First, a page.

The epicenter of the corona pandemic, Wuhan is a major manufacturing hub located in Hubei province. According to a report by Dun & Bradstreet, a business think-tank based in US, 51,000 companies have one or more direct suppliers in Wuhan, while 5 million companies have one or more tier-two suppliers in the region. This supply shock is not only going to affect the South-East Asian nations but rather a major chunk of the globe as supply disruption appears more widespread. Moreover, as per a report by Institute for Supply Management, nearly 75 per cent of companies have reported some form of impact on their business due to disruption of global value chains. Further, around 44 per cent lack any contingency plan to combat this sudden drop in supply as lockdowns chokes production. Wuhan is a major supplier of electrical components and assembly of smartphones for some of the biggest firms in the world such as Apple, which were some of the worst impacted by the disruption. Although the company has invested to diversify its assembly chain into Vietnam and India, it is still highly dependent on China in maintaining its inventory.
Moreover, China is highly integrated in the supply chain of auto parts around the world and with the onset of lockdown, the automobile industry around the globe has suffered. Fiat had to temporarily suspend production in its plant located in Serbia. This was due to a shortage in supply of auto parts from China. This was not a unique occurrence as automobile firms around the globe are facing the same issue. In a similar bid, Hyundai, world’s fifth largest automobile company had to halt production in South Korea. Wuhan supplied the world with auto components worth over USD 2 billion in FY 2018-19. India, although self-sufficient in its supply, still imported auto components worth USD 4.5 billion in FY 2018-19 from Wuhan.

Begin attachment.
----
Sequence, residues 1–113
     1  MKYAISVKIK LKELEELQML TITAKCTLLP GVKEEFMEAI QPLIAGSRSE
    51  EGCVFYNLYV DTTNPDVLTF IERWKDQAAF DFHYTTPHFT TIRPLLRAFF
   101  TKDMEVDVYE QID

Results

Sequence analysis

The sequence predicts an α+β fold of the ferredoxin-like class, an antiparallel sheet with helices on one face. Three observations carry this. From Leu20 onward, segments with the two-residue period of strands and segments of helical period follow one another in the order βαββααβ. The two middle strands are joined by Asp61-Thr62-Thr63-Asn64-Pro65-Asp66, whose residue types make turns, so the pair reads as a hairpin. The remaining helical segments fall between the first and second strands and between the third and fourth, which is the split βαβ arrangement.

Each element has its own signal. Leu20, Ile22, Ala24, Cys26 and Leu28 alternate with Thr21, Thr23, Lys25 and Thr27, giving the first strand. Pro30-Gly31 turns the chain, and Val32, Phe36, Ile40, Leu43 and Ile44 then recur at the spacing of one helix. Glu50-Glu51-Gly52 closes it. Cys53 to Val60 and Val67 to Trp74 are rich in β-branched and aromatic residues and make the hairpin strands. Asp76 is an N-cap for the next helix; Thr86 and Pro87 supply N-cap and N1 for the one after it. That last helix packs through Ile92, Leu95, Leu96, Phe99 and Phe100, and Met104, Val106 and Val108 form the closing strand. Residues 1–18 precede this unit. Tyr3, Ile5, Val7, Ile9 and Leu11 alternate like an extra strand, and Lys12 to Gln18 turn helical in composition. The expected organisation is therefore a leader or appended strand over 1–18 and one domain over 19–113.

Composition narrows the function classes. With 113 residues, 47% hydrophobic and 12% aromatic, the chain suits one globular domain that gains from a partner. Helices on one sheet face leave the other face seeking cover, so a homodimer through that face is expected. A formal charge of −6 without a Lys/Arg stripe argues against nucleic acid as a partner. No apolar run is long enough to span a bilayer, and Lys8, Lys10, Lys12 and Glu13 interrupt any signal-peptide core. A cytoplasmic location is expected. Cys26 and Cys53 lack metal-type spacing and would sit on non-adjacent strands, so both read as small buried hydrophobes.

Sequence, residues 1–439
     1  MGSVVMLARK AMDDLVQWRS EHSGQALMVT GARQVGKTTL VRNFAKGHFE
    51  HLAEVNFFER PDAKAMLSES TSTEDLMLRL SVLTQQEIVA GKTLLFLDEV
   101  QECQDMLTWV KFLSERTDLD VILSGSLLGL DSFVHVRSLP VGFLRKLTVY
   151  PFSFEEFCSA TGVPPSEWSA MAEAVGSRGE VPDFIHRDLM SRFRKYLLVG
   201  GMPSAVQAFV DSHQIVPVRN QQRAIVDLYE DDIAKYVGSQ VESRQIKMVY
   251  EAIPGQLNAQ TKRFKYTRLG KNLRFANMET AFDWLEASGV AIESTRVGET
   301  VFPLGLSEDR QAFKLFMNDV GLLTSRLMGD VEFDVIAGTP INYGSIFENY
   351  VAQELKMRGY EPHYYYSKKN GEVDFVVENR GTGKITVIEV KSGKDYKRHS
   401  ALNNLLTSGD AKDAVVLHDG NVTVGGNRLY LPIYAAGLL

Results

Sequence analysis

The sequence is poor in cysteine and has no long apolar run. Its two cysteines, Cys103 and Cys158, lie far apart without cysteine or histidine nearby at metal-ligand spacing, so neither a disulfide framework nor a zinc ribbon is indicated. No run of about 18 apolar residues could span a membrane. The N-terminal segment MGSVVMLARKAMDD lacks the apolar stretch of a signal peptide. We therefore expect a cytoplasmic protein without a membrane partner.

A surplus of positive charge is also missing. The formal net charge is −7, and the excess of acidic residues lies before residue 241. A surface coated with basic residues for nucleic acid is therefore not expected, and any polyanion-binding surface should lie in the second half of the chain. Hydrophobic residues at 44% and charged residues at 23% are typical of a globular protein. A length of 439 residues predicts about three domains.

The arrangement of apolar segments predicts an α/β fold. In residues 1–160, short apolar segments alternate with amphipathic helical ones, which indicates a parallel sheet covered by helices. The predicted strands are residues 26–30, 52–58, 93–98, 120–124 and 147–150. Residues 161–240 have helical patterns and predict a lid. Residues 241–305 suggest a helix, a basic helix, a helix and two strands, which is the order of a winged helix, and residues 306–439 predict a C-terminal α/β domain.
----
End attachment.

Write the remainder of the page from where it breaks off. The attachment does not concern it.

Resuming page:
This economic disaster revealed how overdependence on China, simply put, having all the eggs in one basket, could pose a problem. There is now a resounding demand in the global economy for the diversification of supply chains to nations other than China. Some of the main contenders, who could fill this supply vacuum left by China are Vietnam, Cambodia and India. The trend to move out of China gained traction just before the outbreak, in the wake of the trade war between US and China. With the imposition of tariffs, many Multi-National Corporations (MNCs) which had relied on China for manufacturing, had already started to look for alternatives to China. Apple had been, for a while, trying to move its assembly to Vietnam and India. But this is easier said than done as most of these nations themselves depend on China to fuel their industries. Vietnamese manufacturing is dependent on China for the supply of heavy machinery, components and electronic equipment that are required in manufacturing industries. Moreover, these nations still lack the skilled manpower which is required to take on any surge in demand from the US which makes them a lesser reliable supplier. Since the beginning of the lockdown in early February, China has got its grip on the spread of the virus. Factories and industries in Wuhan, and rest of China, are back online with production. But as the supply of manufactured goods begins in China, the rest of the world still grapples with the pandemic with the lockdowns in place which in turn led to shortage in demand for the Chinese industries. Although economists around the world were hoping for ‘V- shaped’ recovery, the reality seems far from it as the pandemic continues to unfold and the scope of the economic damage done by it slowly comes to light.